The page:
Welcome to “Second Glance,” a bi-weekly column that spotlights an older film of note (thanks to an anniversary, a connection to a new release, or new disc or streaming availability) that was not as commercially or critically successful as it should’ve been. This week, in commemoration of the 30th anniversary of its release, and the recent passing of director Garry Marshall, we spotlight the 1986 comedy/drama Nothing in Common.
We’d already slotted Nothing in Common for this column, creeping up as we are on the 30th anniversary of its theatrical release (July 30, 1986), before the death of director Garry Marshall last week, but it’s a fitting tribute to his gifts as a filmmaker – gifts that were often easy to overlook in light of the, well, questionable quality of his late-career output. Yet there are some movies that can forgive a lifetime of sins, so for every torpid holiday-themed ensemble comedy or retrograde rom-com, I always found myself thinking, “Yes, but Nothing in Common.”
It is, in some ways, a fairly unexceptional mid-‘80s studio movie, unequivocally of its time – the slick pop soundtrack, the numerous montages to said soundtrack, the ho-ho sexual politics, etc. Maybe there’s nothing all that special about it; perhaps this viewer was merely pushed into misplaced affection thanks to its numerous HBO and Cinemax showings in the back half of the decade. (And I do mean numerous – they ran it a lot.) But I don’t think so. There’s a lot about Nothing in Common that transcends its sleek surfaces: director Marshall taking his first crack at serious subject matter; star Tom Hanks, similarly stretching his persona in his first major role with significant dramatic beats; co-star Eva Marie Saint, in a performance of quiet power; and co-star Jackie Gleason, heartbreaking in his final screen turn.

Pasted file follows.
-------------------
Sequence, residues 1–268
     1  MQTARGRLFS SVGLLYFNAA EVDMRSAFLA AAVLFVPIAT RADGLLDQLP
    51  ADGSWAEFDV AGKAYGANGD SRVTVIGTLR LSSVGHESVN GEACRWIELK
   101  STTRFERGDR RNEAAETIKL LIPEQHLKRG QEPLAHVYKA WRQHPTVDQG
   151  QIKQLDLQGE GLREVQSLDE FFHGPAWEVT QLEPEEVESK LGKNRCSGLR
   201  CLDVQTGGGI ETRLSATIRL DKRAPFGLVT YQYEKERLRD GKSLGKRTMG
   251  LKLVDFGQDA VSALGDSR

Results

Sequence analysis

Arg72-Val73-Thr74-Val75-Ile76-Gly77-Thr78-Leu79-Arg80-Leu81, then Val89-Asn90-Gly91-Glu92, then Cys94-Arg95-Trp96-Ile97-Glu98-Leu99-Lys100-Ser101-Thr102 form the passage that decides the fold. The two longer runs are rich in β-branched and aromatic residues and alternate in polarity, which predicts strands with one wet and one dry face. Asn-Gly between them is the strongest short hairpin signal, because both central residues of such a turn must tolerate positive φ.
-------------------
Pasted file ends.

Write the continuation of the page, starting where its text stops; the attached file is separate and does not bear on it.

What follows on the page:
Hanks stars as David Basner, a hotshot Chicago ad exec (very ‘80s movie job) and unabashed ladies’ man – the yuppie, personified. In one of his first scenes, Marshall’s camera follows Hanks as he returns to his agency after a business trip, riffing on his co-workers and cracking wise, and it’s an effective introduction. We immediately get a sense that this is a guy who thinks fast, talks fast, and is all but impossible to dislike; in other words, it’s your archetypal early Hanks protagonist. Revisiting the movie aware of where it’s going, it’s a pretty clever bait-and-switch – Marshall and screenwriters Rick Podell and Michael Preminger are letting us think we’re walking into a typical Hanks comedy, and then they disassemble and reassemble the movie around him.